In our stories, as in life, we “write” ups and downs like eager adventurers on a never-ending ride at life’s amusement park, taunted by the noise of life ( both the external clamor surrounding us and the internal racket in our heads), by which we are goaded upward one minute and knocked down the next. But, unlike the confused and fearful individuals who scurry away from the turmoil, the writer seeks out life’s noise in order to study it, understand it and ultimately to embrace it.
The writer’s creativity depends on her ability to see up close the elements that make life’s noise necessary, and the sounds that give it its rhythm.
In writing, our narratives depend on the intricacies of life that make living difficult for so many, seemingly easy for others, sad for plenty and happy for some. Writers borrow real life moments from the stories that surround them, from the instances that have the power to connect individuals to one another, and the emotions that could unite people as one.
A writer does not limit her task to providing all the answers, but to the job of creating a desire in readers to ask the questions. To want to know, and to want to care.
Without the desire to place oneself right smack in the heart of life’s noise, or to stop long enough to listen to the analysis within, the writer may end up with nothing but unfinished pages.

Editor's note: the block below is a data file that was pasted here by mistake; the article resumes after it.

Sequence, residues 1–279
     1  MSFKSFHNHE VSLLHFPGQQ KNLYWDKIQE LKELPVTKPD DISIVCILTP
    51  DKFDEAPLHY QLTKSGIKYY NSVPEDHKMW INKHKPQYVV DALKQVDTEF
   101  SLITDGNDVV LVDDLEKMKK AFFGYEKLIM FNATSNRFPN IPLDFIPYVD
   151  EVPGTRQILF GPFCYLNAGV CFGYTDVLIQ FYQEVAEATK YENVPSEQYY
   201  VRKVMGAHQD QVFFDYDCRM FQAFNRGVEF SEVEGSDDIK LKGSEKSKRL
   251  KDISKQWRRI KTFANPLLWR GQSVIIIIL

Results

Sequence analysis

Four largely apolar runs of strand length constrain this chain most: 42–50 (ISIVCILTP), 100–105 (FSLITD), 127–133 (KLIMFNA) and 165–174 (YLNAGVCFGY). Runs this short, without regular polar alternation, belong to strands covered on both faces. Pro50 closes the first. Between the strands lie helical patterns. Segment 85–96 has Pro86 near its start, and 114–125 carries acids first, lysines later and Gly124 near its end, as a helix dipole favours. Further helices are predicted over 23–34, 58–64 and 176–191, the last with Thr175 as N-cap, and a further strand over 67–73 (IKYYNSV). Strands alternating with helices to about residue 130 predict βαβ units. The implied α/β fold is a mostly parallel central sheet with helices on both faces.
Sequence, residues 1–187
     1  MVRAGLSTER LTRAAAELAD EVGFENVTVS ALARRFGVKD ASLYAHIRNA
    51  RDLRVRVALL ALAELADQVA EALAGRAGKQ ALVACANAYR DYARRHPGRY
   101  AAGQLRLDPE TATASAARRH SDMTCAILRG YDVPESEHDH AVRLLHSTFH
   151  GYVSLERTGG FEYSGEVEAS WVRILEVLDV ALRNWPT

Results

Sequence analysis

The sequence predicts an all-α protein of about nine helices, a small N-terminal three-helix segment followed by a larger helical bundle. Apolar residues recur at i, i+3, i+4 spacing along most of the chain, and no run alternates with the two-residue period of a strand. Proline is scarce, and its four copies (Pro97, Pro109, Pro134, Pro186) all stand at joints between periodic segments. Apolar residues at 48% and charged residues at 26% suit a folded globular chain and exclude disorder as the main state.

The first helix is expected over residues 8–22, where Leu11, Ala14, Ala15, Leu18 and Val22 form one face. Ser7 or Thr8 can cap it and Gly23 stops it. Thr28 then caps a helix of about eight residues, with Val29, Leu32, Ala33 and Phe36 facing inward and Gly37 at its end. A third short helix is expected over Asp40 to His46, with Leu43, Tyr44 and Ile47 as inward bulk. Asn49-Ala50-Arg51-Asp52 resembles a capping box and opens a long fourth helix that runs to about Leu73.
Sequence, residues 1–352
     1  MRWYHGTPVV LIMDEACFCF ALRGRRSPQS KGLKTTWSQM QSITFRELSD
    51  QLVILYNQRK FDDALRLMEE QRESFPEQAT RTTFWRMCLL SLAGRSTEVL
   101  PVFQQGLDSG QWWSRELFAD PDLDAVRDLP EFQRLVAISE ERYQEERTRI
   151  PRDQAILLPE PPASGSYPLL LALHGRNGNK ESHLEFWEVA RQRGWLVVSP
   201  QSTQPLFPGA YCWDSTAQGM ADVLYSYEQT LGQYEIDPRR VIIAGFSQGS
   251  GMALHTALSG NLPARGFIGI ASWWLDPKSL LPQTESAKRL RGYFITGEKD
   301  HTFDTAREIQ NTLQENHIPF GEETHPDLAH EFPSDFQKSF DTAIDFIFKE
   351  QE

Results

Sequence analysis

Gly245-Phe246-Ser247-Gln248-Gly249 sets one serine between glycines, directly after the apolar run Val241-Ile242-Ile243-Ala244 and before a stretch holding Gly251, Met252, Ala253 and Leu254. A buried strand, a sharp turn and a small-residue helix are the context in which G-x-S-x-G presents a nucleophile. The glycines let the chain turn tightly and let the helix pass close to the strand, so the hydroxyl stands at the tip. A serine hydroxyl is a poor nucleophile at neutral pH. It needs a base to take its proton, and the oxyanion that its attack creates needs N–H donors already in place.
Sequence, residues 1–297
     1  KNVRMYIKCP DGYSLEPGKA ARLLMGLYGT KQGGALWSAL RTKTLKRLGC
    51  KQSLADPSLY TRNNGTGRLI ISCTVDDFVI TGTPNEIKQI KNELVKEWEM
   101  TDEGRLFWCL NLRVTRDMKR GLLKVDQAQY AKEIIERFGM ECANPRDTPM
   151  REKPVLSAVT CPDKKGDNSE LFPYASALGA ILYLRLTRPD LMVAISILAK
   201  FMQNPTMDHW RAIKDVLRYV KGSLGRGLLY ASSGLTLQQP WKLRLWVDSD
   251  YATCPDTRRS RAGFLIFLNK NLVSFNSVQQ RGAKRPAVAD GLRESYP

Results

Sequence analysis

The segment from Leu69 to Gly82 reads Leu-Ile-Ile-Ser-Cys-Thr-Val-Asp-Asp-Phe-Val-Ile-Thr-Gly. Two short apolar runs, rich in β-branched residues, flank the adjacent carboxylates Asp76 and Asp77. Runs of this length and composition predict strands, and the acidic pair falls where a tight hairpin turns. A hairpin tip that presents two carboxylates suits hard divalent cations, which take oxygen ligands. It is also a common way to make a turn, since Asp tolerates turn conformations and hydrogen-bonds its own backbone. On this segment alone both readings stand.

Without life’s noise to dissect, there is nothing to write about.
Without a note, the song won’t get written.
Without the desire to listen, writers, like individuals, remain deaf to the very things that make life worth living, and to the stories we were meant to create and to read.
Every now and then the noise outside us, and within us, grows so loud that it becomes difficult for the writer to finish her pages. It overwhelms us, so we shut down. We tune ourselves out or take a break. We run away from life’s commotion, and from ourselves, and from one another.
Then, with faith and time to reflect and to realize why we need the noise, after a while, when the silence grows too big, the pandemonium suddenly begins to drift back to us, and we welcome it. We have come to recognize the value of the individual sounds that created it and we start to listen again. And to write again.
And if we are open and brave enough, to live again.